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Low Footprint for High Impact

Solar, wind and hydro-power on American Promise

By Rachael Z. Miller, Co-founder & Executive Director, Rozalia Project for a Clean Ocean

American PromiseAmerican Promise was built to beat a world record. And she did. In Dodge Morgan’s hands, the 60-foot, Ted Hood-designed sloop set the solo non-stop circumnavigation record in 1986. Today, as the flagship for Rozalia Project for a Clean Ocean, she remains a world leader in technology, equipment and practices aimed at having a low environmental footprint and a high environmental impact preserving our planet.

American Promise underway with our favorite sail combo: full main, yankee jib and staysail and all three renewables contributing amps. Next stop, a remote island that needs cleaning!   © Rozalia Project, July 2015

Achieving this goal started with the installation of a high efficiency, low-emissions, low-noise and low-vibration marine diesel engine in 2013 [see “A New Engine for American Promise!”].

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It’s the Hacks You Know that Count

By John K. Fulweiler

In the boating business, getting called a hack is the worst. On the other hand, having a few ‘hacks’ in the bib of your foul weather gear…well, that’s just good seamanship. 

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LISCA Planning the 2016 Season

LISCA

The Long Island Sound Catalina Association (LISCA) is comprised of sailors in the Long Island Sound area that own or have previously owned Catalina cruising sailboats. Members reside in New York, New Jersey and Connecticut, with boats from 25 to 47 feet harbored in many ports on Long Island Sound.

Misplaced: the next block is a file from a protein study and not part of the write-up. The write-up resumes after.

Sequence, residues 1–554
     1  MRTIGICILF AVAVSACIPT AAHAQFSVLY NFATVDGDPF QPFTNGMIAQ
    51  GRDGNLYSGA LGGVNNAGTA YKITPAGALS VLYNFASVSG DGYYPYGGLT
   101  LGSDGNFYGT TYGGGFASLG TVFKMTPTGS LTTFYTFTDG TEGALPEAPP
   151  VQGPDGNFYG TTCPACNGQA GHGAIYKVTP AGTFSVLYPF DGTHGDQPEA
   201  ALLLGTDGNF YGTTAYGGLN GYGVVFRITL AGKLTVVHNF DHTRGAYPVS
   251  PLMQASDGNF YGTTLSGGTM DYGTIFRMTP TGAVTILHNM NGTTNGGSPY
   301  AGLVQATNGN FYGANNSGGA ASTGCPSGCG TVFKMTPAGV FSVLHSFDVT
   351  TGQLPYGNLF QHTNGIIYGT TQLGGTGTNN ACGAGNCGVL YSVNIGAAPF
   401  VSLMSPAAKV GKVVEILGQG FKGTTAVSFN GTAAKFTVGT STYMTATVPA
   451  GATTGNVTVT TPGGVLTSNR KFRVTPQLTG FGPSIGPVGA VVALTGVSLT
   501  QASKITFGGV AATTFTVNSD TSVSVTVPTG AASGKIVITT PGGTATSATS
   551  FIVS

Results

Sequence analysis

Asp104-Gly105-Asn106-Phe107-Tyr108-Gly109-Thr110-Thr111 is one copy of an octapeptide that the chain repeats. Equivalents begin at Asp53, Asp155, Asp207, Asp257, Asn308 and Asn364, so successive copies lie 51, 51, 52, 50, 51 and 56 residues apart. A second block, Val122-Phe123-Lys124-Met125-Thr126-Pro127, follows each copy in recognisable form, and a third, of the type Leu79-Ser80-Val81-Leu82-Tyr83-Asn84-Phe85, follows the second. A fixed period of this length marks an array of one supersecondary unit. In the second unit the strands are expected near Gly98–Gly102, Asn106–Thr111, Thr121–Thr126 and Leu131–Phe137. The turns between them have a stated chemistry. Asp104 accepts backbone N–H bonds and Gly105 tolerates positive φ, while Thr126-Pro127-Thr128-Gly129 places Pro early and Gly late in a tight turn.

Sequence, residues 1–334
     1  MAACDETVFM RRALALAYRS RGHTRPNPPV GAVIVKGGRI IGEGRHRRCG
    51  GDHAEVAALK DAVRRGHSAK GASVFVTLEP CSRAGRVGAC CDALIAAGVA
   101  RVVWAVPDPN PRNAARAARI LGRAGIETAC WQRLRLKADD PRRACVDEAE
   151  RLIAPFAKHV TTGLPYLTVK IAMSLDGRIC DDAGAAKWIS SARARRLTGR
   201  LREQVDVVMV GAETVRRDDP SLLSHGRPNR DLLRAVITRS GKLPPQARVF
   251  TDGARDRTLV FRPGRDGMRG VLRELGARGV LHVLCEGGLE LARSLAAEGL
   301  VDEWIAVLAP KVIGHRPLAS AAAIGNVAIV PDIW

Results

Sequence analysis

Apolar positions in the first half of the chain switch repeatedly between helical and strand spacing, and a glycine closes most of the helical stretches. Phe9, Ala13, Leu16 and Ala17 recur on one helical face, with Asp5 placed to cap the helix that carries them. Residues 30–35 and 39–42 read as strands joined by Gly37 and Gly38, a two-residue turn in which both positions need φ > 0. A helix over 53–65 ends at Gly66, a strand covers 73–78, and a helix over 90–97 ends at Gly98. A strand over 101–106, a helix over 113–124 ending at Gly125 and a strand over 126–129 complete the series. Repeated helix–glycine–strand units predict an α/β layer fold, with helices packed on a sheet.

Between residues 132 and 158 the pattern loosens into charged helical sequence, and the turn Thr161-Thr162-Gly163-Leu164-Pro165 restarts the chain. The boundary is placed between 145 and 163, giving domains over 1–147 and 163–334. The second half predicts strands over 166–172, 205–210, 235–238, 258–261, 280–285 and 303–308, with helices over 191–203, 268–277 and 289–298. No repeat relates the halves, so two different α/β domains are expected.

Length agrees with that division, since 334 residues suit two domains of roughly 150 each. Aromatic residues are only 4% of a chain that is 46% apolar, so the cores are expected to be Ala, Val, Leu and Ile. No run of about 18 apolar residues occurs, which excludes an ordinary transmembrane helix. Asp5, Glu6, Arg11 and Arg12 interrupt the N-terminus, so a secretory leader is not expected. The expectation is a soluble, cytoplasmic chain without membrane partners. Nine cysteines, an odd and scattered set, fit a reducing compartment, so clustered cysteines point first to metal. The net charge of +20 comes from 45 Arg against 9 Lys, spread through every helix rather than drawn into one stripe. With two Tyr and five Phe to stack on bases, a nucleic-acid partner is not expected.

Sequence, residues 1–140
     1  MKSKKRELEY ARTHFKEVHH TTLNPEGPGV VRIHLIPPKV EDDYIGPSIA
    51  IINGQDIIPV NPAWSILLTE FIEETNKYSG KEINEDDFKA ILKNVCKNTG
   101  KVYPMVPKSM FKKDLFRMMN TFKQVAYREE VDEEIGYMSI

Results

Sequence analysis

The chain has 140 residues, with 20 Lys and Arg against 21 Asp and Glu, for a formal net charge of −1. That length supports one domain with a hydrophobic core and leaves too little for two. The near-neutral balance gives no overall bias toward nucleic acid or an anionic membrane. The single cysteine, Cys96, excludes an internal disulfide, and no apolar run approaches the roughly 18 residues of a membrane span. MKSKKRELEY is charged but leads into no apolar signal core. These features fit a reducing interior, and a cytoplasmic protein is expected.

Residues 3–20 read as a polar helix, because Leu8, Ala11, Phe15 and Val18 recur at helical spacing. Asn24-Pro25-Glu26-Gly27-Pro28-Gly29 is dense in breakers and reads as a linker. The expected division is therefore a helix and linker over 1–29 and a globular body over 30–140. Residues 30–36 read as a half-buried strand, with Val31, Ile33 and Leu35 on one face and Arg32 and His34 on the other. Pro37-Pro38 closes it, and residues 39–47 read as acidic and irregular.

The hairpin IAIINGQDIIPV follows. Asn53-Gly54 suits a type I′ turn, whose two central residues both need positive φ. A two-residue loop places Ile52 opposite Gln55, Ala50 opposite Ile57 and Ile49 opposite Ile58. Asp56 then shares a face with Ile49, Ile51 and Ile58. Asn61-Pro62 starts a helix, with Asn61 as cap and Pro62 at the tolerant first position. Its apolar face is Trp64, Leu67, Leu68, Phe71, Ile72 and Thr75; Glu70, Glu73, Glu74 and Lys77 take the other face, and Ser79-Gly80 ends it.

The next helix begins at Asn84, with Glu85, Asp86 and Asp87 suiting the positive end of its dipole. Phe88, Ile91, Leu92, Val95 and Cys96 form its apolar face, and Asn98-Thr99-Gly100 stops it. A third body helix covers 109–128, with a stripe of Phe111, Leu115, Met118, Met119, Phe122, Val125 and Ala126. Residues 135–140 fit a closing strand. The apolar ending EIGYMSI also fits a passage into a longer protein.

Bonnie & Austin Zipeto’s C34 MkII Summer Sun heading out of Block Island
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From the Log of Persevere: Bay of Biscay

By Colin Rath

Editor’s note: This is the tenth installment in a series of dispatches from the Rath family (Colin & Pam, daughters Breana, Meriel and Nerina), who departed Stamford, CT in the fall of 2014 for a worldwide cruise aboard their Hanse 545 Persevere. You’ll find previous articles linked below.

PersevereFall was coming quickly in Amsterdam. Still nice weather, 70 degrees, but once the sun went down the leaves on the trees were dropping. It was time to head south. This meant sailing down the English Channel and across the Bay of Biscay and around Spain to Gibraltar. This would start our winter in the Med.

© persevere60545.com
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Cape Breton: A Sailing Paradise

By Jocelyn Bethune

Boating Cape BretonImagine your own private waters. Perhaps a lake with good winds, with hundreds of isolated harbours to explore and some of the greatest sailing you have ever experienced. Perhaps it’s an ocean coastline, with challenging breezes and many idyllic safe harbors to anchor. Could such a magical place exist?

In a word, yes. And it’s not that far away.

A classic vessel sails past Beinn Bhreagh, the former home of Alexander Graham Bell. ©boatingcapebreton.com
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Broker Tips: Why Should I Buy a Boat in the Winter?

By Matt Leduc, Latitude Yacht Brokerage, LLC

Good boats, that are priced right, with motivated sellers, sell first. The longer you wait, the more the inventory gets picked over and your choices are reduced to boats that may be overpriced or don’t show well, or boats with issues.